There can be few artists better suited to the Yorkshire Sculpture Park than Not Vital whose show opened there last week. Yvette Huddleston reports.
The Yorkshire Sculpture Park has done it again.
Consistently delivering world-class exhibitions from renowned international artists, they are following up their outstanding, hugely popular, exhibition of the work of American artist KAWS with the first major UK show – and the largest museum project to date – by the enigmatic Swiss artist Not Vital. “It is a coup for us because he is not an artist who shows very often,” says the YSP director of programme Clare Lilley. “We have been tracking him for a few years because we can see something in his work which connects with what we are trying to do. Most of his work comes out of his connection with nature – and that chimes with us.” Born in 1948 in the tiny village of Sent, set among the mountains and forests of the lower Engadin valley in the Swiss Alps, Not Vital (his real name, after his father and grandfather before him) is a largely self-taught artist and all his work is closely linked to his alpine home. However, his outlook is global and he regularly collaborates with artists and craftspeople from all over the world. He is currently working in a number of places including the Philippines, Beijing, Indonesia, Rio de Janeiro and Patagonia.
This diversity of influence and inspiration is reflected in the range of the work on display in the exhibition, which opened last week. “It has gradually come together over the past two years and we have brought work from Brazil, China and Europe, some of it existing and some of it new,” says Lilley. One of the exciting new pieces specially developed by Vital for the exhibition is a large-scale work measuring 11m by 4m and consisting of a group of monochrome portrait paintings, which receives its European premiere at the YSP. “As soon as he saw the gallery he knew he wanted to make this enormous canvas,” says Lilley. “Since around 2009, he has been working on a series of portraits; he has held them back until now because they are so important to him and he wanted them to be seen in a museum context. The portraits are either of himself or people close to him and together they form the piece The Last Supper which features thirteen heads hanging in space. It is between figurative and abstract art and it is very beautiful.”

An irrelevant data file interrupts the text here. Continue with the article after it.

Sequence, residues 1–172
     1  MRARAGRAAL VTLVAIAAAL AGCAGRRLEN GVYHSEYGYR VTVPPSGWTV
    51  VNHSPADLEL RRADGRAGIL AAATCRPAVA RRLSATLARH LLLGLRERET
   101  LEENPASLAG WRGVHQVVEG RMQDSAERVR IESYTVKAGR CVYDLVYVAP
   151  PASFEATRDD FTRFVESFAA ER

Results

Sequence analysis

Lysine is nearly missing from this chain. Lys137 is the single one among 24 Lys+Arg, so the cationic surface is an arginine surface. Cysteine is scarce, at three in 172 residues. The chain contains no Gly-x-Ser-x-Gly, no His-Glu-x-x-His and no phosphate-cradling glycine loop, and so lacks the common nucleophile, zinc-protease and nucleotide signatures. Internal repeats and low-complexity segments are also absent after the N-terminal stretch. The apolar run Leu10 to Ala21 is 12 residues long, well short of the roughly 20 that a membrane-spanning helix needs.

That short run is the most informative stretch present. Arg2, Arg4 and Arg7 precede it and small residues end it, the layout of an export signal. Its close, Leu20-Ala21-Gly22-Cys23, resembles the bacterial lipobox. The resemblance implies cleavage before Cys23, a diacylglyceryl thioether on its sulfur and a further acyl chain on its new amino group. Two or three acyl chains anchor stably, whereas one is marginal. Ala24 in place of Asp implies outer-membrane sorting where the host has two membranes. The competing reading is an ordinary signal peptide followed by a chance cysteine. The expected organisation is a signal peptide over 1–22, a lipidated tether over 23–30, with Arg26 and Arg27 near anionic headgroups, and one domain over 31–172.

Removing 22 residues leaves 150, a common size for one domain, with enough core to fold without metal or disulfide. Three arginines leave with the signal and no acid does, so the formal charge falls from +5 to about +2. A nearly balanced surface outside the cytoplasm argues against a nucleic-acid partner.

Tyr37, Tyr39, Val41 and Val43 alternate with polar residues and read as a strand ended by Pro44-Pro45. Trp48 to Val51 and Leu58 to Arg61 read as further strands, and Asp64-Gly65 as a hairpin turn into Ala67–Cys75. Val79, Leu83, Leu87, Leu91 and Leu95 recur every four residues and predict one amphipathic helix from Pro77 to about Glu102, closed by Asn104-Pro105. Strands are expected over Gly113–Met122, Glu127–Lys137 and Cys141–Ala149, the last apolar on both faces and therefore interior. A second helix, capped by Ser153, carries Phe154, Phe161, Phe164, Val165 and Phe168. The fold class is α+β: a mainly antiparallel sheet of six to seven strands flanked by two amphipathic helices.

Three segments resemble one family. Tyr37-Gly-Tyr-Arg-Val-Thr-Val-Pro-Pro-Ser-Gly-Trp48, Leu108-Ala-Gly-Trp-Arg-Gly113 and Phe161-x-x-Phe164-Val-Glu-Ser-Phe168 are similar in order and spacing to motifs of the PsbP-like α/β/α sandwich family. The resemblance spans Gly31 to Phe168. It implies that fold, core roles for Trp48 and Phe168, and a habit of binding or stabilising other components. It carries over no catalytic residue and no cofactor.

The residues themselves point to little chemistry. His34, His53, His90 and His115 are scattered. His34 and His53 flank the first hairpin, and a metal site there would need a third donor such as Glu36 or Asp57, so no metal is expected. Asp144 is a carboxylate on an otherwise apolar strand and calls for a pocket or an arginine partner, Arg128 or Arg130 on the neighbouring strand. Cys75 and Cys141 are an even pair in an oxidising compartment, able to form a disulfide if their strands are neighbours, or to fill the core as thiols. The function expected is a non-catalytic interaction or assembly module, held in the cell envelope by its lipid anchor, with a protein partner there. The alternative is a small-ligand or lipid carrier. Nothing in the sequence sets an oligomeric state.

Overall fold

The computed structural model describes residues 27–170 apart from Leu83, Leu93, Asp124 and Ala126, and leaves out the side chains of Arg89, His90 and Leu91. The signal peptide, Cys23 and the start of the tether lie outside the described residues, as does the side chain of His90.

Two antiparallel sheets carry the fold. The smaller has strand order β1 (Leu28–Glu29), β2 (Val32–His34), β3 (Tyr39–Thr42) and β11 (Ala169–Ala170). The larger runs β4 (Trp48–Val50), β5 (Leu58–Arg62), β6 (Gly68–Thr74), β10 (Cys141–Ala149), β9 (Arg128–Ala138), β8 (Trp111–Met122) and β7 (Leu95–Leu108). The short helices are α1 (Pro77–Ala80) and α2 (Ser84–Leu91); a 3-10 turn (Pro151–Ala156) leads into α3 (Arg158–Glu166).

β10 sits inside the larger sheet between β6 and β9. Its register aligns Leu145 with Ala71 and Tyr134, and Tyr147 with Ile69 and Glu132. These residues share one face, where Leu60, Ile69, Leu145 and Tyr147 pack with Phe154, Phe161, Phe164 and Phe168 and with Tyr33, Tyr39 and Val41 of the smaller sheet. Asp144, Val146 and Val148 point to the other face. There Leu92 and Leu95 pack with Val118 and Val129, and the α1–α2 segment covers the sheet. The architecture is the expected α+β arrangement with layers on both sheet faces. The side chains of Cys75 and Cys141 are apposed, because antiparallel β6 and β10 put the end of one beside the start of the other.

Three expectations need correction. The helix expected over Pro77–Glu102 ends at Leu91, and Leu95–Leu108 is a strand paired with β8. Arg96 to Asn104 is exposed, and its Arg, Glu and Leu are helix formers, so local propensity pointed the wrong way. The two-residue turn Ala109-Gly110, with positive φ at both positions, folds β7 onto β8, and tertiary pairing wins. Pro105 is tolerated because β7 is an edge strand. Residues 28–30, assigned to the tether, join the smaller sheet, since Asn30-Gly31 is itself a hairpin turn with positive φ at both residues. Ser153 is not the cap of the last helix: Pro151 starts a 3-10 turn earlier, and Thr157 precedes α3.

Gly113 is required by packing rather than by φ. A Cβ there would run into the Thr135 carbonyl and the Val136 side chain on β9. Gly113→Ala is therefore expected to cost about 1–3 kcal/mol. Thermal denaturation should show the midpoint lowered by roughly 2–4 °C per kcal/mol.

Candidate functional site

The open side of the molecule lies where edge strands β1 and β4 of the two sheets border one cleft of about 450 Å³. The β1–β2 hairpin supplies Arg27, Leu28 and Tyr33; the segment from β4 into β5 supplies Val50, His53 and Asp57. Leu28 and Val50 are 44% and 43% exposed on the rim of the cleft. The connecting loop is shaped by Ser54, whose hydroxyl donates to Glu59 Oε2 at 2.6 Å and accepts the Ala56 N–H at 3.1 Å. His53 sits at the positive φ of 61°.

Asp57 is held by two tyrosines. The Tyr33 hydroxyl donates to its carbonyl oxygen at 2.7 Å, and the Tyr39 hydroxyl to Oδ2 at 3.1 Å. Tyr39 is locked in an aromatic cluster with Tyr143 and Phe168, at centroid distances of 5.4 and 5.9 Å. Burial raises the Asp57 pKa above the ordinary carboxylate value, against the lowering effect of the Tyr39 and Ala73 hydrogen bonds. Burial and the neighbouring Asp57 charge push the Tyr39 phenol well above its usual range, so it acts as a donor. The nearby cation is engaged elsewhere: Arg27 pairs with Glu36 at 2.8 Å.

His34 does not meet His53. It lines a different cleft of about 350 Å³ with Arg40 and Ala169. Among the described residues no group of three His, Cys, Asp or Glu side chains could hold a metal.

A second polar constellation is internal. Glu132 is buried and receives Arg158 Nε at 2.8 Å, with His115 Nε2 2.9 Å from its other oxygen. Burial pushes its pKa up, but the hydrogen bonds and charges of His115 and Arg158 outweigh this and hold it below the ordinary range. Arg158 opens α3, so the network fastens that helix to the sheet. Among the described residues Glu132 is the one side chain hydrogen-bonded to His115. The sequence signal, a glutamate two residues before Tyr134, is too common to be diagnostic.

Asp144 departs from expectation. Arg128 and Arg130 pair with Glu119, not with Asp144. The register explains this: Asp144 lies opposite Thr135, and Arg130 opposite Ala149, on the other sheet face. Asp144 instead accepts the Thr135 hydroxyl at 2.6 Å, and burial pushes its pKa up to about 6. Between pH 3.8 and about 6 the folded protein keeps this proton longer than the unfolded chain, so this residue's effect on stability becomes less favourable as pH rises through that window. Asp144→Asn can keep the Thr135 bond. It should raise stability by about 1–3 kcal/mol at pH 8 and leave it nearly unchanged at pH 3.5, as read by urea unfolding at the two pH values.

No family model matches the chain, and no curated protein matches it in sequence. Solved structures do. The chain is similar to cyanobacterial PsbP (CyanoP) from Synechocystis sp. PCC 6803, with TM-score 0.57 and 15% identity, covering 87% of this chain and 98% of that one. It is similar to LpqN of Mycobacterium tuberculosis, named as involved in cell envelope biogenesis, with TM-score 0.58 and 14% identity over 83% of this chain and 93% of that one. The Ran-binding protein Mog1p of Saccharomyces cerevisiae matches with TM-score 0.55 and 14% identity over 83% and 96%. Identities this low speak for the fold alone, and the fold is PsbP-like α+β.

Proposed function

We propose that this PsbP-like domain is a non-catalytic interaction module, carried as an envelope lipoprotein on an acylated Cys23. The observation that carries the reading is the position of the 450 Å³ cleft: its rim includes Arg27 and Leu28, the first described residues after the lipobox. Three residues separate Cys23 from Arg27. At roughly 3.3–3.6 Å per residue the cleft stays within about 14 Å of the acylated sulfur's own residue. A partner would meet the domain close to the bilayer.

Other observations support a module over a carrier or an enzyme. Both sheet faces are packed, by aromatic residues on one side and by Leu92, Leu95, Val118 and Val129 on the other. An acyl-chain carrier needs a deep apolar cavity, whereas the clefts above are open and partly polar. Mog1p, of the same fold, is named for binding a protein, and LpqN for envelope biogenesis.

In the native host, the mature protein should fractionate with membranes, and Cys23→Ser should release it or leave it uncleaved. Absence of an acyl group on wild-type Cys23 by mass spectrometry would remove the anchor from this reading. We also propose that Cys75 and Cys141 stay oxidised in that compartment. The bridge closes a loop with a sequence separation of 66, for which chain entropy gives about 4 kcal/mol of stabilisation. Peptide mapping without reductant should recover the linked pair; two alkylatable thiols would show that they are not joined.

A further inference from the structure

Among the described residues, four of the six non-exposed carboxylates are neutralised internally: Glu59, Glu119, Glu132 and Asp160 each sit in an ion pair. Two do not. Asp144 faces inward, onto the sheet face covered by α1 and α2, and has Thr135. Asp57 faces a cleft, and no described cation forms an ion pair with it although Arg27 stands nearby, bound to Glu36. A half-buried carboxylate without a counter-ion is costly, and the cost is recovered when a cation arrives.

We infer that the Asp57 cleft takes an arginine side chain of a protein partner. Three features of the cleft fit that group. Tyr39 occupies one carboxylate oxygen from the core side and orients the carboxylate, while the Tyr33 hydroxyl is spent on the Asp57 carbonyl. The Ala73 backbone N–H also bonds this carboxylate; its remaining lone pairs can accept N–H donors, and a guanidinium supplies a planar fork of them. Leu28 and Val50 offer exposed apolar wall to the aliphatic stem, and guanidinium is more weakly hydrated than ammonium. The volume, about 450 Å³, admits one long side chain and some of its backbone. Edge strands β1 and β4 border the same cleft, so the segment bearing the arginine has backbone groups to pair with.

Other works in the open air resonate with the YSP’s rolling 18th-century estate, including Let 100 Flowers Bloom which comprises a hundred elegant stainless steel lotus buds on 3m-long stems, while 80 Cow Dungs, cast in bronze, explores the relationship between animals and the land. “Not has taken a huge amount of time to really get to know and understand the landscape here,” says Lilley. “He walked around the parkland at different times of the day – and even at night – looking at the different viewpoints. At the preview, where we had people coming from all over the world, he was asking visitors if they had seen the bluebells in the woods.”
The woods themselves will be the site for a permanent structure that Vital is working on, to be installed at a later date – an aluminium bridge which will draw visitors to the far reaches of the park. “Not’s work melds architecture, sculpture and the land – it makes him a perfect artist for YSP,” says Lilley. “We care hugely about people and the experiences and emotions that are played out here and we can see that people are really responding to this exhibition already.”
At YSP until January 2, 2017.